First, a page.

Mohawk Valley Astronomical Society

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Dawn Over Ceres

by Perry Pezzolanella

Asteroids can no longer be considered a rubble pile of boring, shattered, cratered worlds. They have turned out to be as different from each other as the planets are. Galileo flew past the first asteroid, Gaspra, on October 29, 1991 on its way to Jupiter; spacecraft have flown by many others since. Three have been orbited: Eros, Itokawa, and Vesta. The Japanese spacecraft, Hayabusa, actually landed on Itokawa and successfully returned a few grains of its surface back to Earth. A highly sophisticated spacecraft, Dawn, will in a few months continue in the wake of its successful Vesta mission to go into orbit around the largest asteroid, Ceres.

Dawn was launched on September 27, 2007 and flew by Mars on February 17, 2009 for a gravity assist into the asteroid belt. It went into orbit around Vesta on July 16, 2011 until September 5, 2012 when it departed for Ceres. It orbited as close to Vesta as 60 miles and revealed a battered world rich in diversified minerals and geology. Vesta was found to have two huge craters, one nearly on top of the other, near the south pole that is around seven miles deep with a central peak eleven miles high. The impacts have gouged out a huge part of Vesta's southern hemisphere giving it a misshapen appearance. Rows of ridges girdle the equatorial region and there are craters and landslides everywhere.

Giuseppe Piazzi discovered the first asteroid, Ceres, on January 1, 1801. It is the largest asteroid at approximately 605 miles in diameter, round, and classified as a dwarf planet. It orbits about 250 million miles from the Sun and takes about 4.6 years to orbit. Ceres contains about one-quarter of the asteroid belt's total mass. Although it shines as bright as magnitude +7.0, only the largest surface features can be fuzzily resolved with the Hubble Space Telescope. The most interesting is a bright white spot that may be an icy impact crater. There is also a dark circular area of unknown origin. It rotates swiftly in about nine hours and may have a rocky core overlain with an icy mantle. The mantle may be as thick as 70 miles and may contain more fresh water than Earth (keep in mind that most of Earth's water is not considered fresh, as watery as it may seem). A thin atmosphere is suspected, which may contribute to an expected frosty surface, and unusually balmy temperatures as warm as 0 degrees F. It will be Dawn's job to confirm these proposed theories and observations.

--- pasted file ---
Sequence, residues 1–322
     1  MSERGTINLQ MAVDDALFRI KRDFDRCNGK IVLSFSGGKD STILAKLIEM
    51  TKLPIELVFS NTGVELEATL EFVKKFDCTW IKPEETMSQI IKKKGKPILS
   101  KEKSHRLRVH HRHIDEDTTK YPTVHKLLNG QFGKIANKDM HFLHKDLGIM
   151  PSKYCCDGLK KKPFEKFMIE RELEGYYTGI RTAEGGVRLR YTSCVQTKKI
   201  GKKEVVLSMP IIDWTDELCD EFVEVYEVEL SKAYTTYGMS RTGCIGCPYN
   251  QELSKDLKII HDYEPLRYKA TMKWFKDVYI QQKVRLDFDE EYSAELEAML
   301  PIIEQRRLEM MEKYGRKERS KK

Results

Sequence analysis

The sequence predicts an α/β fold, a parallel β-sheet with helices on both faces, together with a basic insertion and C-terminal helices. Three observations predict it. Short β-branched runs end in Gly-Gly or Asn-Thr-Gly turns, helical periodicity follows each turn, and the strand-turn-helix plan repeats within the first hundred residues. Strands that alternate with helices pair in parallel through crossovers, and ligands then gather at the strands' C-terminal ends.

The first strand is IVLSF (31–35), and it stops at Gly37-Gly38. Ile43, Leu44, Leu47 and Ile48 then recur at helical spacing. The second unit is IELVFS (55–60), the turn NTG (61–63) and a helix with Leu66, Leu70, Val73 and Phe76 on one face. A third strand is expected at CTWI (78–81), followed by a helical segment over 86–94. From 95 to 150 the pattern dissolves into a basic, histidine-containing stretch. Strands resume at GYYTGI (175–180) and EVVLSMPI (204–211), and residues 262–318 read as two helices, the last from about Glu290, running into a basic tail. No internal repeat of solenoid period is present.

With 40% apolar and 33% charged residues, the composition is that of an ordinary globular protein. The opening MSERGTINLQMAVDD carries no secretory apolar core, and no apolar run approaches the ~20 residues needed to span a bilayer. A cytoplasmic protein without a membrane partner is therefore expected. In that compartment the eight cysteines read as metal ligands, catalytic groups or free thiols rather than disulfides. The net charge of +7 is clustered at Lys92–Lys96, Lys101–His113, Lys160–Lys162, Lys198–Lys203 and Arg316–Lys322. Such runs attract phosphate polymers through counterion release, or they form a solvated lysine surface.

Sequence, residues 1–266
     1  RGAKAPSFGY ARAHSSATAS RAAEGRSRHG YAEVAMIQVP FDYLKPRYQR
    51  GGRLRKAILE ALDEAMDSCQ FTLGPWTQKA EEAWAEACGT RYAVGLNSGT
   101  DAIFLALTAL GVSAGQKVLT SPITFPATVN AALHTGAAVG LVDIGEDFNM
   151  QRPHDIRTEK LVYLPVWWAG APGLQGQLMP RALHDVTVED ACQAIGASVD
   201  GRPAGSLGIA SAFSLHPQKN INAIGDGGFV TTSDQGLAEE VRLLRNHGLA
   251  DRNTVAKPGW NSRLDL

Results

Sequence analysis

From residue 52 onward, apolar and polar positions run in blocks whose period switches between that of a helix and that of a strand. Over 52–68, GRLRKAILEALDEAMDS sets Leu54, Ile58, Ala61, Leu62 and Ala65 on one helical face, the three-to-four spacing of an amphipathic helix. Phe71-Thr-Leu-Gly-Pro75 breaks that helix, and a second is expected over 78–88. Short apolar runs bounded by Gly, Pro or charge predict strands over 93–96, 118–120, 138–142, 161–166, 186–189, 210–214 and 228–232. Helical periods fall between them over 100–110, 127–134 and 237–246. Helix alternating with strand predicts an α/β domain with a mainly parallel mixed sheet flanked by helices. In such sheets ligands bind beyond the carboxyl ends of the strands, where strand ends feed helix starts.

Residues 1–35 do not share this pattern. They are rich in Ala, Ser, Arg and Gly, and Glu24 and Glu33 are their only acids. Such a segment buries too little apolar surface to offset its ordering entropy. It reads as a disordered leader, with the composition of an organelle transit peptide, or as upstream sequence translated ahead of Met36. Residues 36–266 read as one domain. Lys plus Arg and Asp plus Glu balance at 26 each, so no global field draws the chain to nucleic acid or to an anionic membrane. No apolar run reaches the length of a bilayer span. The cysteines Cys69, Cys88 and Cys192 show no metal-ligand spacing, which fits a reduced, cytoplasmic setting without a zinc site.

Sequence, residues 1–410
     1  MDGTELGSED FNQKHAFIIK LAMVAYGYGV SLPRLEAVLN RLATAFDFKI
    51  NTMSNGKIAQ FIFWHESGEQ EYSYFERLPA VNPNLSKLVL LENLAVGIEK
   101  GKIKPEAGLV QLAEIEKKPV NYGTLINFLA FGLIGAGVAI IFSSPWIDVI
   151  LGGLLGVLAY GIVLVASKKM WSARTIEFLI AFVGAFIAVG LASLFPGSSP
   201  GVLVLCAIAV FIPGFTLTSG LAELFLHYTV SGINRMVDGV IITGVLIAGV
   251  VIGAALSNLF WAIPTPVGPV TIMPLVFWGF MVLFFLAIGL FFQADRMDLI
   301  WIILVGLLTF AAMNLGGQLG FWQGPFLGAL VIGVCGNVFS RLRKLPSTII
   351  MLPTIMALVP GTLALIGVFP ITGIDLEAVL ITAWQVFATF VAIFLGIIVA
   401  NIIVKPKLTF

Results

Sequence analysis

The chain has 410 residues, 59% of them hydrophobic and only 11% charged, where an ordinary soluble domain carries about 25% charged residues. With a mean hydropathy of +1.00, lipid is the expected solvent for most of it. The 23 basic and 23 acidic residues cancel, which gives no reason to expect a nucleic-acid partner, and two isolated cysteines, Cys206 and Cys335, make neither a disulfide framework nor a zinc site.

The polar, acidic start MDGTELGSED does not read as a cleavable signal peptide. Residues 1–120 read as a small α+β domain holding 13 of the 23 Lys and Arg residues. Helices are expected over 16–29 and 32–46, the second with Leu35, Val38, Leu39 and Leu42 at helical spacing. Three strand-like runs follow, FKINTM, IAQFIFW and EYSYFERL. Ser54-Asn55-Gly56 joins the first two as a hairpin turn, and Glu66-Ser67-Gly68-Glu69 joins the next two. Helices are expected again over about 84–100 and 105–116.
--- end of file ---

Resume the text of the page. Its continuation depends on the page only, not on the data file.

Dawn uses new rocket propulsion technology that makes exploring the asteroid belt easier by not only allowing it to fly from one asteroid to another, but also to orbit each one at various altitudes. It bristles with instruments, which include a camera, two spectrometers, an altimeter, and a magnetometer. Dawn's primary objective is to determine why Ceres and Vesta evolved so differently. It has obtained one piece of the puzzle with its successful mission to Vesta now behind. Dawn is equipped with giant solar panels that power an ion engine that shoots out charged ions of xenon gas to accelerate it up to 62,000 miles per hour. This allows Dawn to easily maneuver into orbit around an asteroid, break free, and then travel to another asteroid and orbit it.

Dawn will arrive at Ceres on March 6, 2015 and will orbit it as close as 60 miles. It will carry out observations and measurements identical to what it did at Vesta. Its primary mission will end later in 2015; however, it will continue to explore Ceres for up to a year or more, as long as it remains functional. Beyond Ceres there are no plans for it to fly to another asteroid, although Pallas has often been considered a target. The aging spacecraft has had problems therefore Dawn will remain at Ceres and eventually crash into its surface in the far distant future. Dawn clearly has marked the dawn of a whole new era of asteroid exploration.